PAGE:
The problem with this argument is that only a minority of working musicians have (or even expect) such careers. In her study of the contemporary classical world, Dawn Bennett notes that: “Far from making a living by making music, the majority of musicians finance music by making a living,” and the same could be said about musicians in all music worlds, which means we need to flip the usual amateur/professional argument. The problem is not that amateur musical activity is a threat to professional musicians’ earning power but that would-be professional musicians, by offering their services for free as an investment in their careers, undermine the earning power of ‘amateurs’, those people whose livelihood depends on selling their musical services among the various other, non-musical things they do for an income. (And this argument can certainly be found over the years in the letters pages of Musician, the MU members’ magazine.)

Again, though, we must be careful not to make too clear a division between would-be professionals and pragmatic amateurs (and not only because most of the former become the latter). Those musicians who do have successful careers, who become stars and/or establish new musical languages and conventions, can, as a result, have a significant positive influence (though their effects on public taste and musical excitement) on job opportunities for musicians who never achieve such fame or fortune.

Put all kinds of musicians in a room together—professionals and would-be professionals, amateurs and pragmatic amateurs—and a consensus quickly emerges. The problem of ‘playing for free’ is not caused by competition between musicians, or even by the reluctance of audiences to ‘value’ music, but by the ‘exploitation’ of live musicians by the people who make money out of them–promoters, club owners, venues. The issue here is not that some service providers get paid and others don’t, but that musicians, unlike all the other people involved in putting on a show, provide the service which the public really values, the service upon which everyone else—promoters, security, lighting engineers, ticket sellers, or whoever—depend for their own employment. A concert may only happen because of the work of all sorts of professional, but the reason why people go to concerts, why they pay for tickets, is because of the music, the service provided by musicians. It therefore seems singularly unfair that they should be the people expected to provide their services for free.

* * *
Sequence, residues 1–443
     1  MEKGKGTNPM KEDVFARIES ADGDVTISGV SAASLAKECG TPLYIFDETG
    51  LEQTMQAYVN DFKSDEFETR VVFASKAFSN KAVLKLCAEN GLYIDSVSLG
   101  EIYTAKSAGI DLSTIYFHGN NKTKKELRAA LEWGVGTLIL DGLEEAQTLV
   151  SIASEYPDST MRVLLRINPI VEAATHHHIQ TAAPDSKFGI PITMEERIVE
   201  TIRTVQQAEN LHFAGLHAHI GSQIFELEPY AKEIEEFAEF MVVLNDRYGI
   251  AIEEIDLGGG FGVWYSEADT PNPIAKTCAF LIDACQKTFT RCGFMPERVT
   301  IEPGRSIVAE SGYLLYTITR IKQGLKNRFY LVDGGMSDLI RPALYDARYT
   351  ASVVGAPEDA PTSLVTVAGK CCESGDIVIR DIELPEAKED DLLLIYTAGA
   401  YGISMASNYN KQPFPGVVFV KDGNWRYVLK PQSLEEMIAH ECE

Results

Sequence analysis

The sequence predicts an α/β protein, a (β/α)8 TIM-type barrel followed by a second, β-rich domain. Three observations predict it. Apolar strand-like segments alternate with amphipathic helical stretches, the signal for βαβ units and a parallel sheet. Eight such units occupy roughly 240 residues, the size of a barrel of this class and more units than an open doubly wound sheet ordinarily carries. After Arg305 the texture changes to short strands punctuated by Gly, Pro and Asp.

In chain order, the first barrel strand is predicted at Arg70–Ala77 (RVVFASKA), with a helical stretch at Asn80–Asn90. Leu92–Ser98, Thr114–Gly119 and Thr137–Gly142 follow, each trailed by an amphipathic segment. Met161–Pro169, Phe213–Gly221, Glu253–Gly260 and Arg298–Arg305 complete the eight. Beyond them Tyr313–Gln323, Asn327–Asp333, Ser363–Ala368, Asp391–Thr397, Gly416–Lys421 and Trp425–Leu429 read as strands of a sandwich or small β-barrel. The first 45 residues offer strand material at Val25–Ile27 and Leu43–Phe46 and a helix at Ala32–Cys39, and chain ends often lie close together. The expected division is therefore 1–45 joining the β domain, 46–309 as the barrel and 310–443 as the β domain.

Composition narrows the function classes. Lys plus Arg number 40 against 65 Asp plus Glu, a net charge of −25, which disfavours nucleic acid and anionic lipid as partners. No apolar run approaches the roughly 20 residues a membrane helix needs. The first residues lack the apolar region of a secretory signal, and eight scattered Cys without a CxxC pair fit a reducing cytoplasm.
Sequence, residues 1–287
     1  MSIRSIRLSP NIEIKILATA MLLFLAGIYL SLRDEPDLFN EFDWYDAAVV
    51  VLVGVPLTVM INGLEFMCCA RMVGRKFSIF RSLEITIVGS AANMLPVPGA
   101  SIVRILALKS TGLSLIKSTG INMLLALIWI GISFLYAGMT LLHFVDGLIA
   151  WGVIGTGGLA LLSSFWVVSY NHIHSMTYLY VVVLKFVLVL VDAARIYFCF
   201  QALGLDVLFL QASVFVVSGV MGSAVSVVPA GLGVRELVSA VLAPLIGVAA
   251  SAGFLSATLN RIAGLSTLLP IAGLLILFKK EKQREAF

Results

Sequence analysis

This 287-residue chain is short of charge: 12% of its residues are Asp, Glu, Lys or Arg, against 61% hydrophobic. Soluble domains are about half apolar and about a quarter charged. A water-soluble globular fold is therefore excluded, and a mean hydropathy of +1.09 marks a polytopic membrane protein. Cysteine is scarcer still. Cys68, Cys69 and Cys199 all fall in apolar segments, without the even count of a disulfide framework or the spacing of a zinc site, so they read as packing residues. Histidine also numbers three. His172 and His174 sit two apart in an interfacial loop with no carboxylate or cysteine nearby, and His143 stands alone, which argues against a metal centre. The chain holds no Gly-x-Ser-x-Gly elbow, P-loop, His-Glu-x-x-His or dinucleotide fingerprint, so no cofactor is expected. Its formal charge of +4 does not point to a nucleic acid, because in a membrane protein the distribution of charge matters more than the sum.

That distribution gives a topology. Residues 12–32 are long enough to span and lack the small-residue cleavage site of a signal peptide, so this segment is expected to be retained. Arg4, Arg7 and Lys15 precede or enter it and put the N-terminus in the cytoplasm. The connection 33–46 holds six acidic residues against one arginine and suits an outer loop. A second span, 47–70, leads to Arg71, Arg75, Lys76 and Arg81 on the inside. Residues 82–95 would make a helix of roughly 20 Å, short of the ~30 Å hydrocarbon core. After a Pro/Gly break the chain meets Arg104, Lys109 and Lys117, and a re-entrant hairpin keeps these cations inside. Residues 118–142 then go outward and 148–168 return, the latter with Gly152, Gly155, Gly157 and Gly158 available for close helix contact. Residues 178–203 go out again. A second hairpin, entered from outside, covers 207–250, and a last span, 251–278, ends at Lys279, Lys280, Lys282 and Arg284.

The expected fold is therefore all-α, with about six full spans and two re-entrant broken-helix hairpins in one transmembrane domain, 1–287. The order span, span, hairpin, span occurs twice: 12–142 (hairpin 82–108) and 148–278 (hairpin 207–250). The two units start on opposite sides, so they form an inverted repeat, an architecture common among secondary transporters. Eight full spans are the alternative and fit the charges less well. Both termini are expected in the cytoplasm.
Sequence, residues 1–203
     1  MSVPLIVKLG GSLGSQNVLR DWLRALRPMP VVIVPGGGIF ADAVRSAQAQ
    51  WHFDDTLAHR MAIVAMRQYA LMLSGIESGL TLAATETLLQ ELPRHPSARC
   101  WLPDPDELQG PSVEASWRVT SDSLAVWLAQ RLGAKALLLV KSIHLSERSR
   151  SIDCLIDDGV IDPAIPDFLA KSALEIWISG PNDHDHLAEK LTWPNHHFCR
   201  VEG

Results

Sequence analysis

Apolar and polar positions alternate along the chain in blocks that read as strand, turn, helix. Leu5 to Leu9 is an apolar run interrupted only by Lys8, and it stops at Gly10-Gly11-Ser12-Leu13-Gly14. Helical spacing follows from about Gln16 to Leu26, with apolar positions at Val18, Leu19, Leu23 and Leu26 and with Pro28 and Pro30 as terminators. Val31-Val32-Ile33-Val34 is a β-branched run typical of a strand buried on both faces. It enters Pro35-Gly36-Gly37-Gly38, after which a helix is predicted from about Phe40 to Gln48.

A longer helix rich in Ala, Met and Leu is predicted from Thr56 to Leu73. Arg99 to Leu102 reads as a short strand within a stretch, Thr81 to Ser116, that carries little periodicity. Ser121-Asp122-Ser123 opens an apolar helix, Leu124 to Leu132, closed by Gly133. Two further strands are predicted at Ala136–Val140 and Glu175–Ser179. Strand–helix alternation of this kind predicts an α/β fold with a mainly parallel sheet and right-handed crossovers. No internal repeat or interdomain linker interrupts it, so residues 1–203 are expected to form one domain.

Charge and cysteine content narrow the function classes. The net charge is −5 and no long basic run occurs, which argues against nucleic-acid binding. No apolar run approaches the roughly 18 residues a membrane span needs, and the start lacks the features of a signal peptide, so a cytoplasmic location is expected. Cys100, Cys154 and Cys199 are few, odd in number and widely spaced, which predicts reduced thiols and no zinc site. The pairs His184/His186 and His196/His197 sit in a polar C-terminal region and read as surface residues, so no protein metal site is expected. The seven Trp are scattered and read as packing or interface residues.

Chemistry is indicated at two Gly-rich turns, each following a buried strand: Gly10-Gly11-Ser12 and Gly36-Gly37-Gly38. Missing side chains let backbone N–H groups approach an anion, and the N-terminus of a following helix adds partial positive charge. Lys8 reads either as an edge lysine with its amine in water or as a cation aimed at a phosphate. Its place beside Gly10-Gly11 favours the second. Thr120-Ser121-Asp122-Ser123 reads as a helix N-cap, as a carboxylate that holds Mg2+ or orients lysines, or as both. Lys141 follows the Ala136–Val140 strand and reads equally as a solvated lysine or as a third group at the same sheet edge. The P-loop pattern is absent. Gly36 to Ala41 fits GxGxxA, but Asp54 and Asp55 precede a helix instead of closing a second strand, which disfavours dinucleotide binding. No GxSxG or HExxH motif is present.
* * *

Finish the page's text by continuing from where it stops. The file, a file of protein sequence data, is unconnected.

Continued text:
Two points can be made about this. First, it has long been established in UK law (through legislation on performing rights as developed through court cases) that anyone using music to advance their own commercial ends has to pay for it. It therefore seems irrational that live musicians don’t have the right to be paid (which the composers/publishers of their material do—a club which required a group to pay for free would have to pay a license fee in order to play their records). Second, if a performer decides to perform for nothing because this is a necessary investment in their career, then this should be reflected in their contract with the venue. In effect the performer is buying the services of the venue rather than vice versa, and their control of the situation should therefore be recognised.